spinachOnce the talk of the table spinach has lately been moved into the shadows by “it” greens such as kale and arugula. The ubiquitous spinach salad with hot bacon dressing has given way to arugula with roasted beets and goat cheese or countless incarnations of kale salad. To make matters worse Popeye, the beloved spokesman for spinach, has all but disappeared. No matter, there is still good reason to make room for spinach in your diet. Apart from the convenience, you can find pre-washed, ready to eat bags almost anywhere, spinach is versatile and tastes great. If you are looking for an affordable, easy to prepare nutritional powerhouse, you will find it in spinach.

Spinach Packs a Nutritional Punch

Spinach is a rich source of vitamins K, A and C. Vitamin K is important for maintaining bone health; vitamin A boosts vision and the immune system and vitamin C helps heal wounds and maintain strong bones and teeth. Spinach also contains folic acid, manganese, zinc, magnesium, calcium and iron. In fact, there are few foods that offer a more powerful combination of vitamins and minerals. A cup of raw spinach has less than 10 calories and is low in saturated fat and cholesterol. Nutrient dense and tasty, too spinach also offers protection against certain types of cancers and cardiovascular problems.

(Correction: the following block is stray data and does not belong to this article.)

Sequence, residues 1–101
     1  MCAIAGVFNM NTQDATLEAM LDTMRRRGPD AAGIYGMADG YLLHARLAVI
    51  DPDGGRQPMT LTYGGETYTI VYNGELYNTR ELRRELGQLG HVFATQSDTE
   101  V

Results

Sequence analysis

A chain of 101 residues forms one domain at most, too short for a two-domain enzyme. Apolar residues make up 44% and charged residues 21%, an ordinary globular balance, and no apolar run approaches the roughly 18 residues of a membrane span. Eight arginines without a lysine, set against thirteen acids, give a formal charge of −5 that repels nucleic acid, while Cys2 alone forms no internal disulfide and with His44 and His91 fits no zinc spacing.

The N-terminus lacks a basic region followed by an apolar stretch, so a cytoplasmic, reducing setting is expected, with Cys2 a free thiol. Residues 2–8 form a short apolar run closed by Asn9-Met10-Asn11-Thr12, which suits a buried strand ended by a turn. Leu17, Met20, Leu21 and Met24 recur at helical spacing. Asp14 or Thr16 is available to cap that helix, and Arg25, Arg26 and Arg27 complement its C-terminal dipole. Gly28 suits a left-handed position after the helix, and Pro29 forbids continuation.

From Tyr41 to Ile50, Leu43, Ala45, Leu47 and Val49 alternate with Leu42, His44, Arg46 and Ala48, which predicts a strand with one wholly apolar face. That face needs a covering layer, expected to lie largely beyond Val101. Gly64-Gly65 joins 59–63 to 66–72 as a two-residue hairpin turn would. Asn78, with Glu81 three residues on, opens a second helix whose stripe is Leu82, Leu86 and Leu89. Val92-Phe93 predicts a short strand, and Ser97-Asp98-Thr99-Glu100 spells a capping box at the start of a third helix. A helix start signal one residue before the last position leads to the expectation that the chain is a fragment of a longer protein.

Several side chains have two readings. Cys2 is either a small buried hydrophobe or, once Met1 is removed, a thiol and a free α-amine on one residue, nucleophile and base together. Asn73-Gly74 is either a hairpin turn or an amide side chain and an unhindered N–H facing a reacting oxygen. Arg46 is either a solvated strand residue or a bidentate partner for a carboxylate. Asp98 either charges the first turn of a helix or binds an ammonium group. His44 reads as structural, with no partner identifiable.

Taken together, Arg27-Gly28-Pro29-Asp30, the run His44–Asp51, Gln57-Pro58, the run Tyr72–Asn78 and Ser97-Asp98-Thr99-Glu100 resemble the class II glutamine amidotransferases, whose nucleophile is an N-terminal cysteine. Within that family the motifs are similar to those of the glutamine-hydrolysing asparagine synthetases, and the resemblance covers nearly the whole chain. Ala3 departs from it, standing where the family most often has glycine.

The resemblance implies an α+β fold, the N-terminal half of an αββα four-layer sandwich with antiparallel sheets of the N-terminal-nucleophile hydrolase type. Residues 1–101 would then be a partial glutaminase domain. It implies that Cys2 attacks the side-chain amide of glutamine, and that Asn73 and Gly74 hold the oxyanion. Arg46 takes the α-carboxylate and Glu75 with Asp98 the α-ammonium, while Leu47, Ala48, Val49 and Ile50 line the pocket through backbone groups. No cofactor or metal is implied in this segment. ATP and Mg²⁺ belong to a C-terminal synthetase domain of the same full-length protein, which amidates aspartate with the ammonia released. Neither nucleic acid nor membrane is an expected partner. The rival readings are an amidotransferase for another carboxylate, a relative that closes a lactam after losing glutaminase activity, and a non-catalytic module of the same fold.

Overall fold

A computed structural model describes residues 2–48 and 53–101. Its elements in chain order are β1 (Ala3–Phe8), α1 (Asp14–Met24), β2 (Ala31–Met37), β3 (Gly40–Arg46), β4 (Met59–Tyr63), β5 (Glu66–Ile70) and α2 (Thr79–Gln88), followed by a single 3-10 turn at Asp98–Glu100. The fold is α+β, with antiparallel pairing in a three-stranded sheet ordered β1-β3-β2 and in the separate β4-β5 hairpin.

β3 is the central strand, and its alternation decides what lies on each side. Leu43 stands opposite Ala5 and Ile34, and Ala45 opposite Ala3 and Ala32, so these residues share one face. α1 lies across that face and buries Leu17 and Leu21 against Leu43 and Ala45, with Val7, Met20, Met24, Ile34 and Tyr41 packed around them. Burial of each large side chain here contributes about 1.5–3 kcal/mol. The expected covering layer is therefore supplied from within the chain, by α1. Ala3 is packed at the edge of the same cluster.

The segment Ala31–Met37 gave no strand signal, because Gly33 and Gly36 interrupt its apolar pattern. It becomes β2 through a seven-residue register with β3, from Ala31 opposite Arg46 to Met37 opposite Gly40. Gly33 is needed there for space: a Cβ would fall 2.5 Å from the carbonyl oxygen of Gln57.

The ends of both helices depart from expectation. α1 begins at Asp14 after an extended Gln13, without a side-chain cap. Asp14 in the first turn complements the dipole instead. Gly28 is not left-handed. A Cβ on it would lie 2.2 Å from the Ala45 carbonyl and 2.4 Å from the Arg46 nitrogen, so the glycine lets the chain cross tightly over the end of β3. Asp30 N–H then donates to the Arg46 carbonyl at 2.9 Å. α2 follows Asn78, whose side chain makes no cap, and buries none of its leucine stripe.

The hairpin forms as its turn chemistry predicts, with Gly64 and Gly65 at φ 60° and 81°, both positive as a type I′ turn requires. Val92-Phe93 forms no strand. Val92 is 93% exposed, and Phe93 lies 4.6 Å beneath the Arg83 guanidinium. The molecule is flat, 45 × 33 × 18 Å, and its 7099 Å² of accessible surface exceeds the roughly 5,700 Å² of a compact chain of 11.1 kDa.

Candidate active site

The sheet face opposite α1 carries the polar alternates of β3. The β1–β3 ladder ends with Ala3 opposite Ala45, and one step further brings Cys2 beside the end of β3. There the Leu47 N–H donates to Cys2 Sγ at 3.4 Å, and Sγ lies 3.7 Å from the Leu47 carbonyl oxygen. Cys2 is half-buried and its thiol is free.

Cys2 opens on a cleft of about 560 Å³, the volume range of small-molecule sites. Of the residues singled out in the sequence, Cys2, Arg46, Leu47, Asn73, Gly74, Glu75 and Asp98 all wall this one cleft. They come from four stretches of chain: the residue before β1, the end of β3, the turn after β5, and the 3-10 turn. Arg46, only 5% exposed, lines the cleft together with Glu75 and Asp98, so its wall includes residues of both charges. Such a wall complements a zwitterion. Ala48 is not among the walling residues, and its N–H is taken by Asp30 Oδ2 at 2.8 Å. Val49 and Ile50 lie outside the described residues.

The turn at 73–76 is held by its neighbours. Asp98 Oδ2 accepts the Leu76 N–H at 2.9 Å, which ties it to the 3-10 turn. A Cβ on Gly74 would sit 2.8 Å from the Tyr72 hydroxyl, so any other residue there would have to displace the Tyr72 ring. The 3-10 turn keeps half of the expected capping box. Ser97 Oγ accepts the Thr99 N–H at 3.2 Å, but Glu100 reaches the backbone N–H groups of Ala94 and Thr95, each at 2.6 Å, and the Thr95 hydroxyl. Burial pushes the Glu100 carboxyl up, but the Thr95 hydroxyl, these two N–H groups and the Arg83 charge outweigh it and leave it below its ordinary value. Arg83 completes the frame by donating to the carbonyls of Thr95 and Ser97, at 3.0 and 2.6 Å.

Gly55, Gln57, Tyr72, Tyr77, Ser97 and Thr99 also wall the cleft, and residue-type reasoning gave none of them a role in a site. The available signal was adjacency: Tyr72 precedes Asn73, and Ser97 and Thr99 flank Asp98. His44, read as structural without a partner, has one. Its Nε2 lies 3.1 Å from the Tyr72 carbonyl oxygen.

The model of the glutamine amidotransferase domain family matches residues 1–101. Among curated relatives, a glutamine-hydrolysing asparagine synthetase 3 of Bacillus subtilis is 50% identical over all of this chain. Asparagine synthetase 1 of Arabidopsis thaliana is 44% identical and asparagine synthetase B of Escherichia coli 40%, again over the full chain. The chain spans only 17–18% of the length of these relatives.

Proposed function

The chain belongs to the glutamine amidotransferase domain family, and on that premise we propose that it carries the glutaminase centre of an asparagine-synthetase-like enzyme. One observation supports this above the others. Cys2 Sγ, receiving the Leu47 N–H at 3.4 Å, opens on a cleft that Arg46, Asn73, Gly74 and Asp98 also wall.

Spinach Fights Inflammation

Inflammation is triggered by injury, illness and oxidative stress. Over time chronic, low level inflammation can lead to life threatening health challenges like cancer, Alzheimer’s disease and stroke. Flavonoids and carotenoids contained in spinach support health by reducing inflammation. Including spinach in your diet on a regular basis may mean a longer, healthier life.

Put Spinach on the Table

Serve spinach with eggs, beans, pasta or sautéed with fresh garlic and olive oil. Put a few fresh leaves on your sandwich or in a bowl of soup. The vegetable is very versatile, so don’t be afraid to experiment. If you cook spinach be aware that it has a very high water content. Any amount you put in the pan will be reduced by half. Despite their size, the ready to eat bags of spinach in your grocer’s produce section only contain about two servings.

No matter how you eat it spinach, maybe even more than milk, does your body good. For building strong bones, reducing cancer risk and even helping you maintain your waist line spinach is a giant among greens.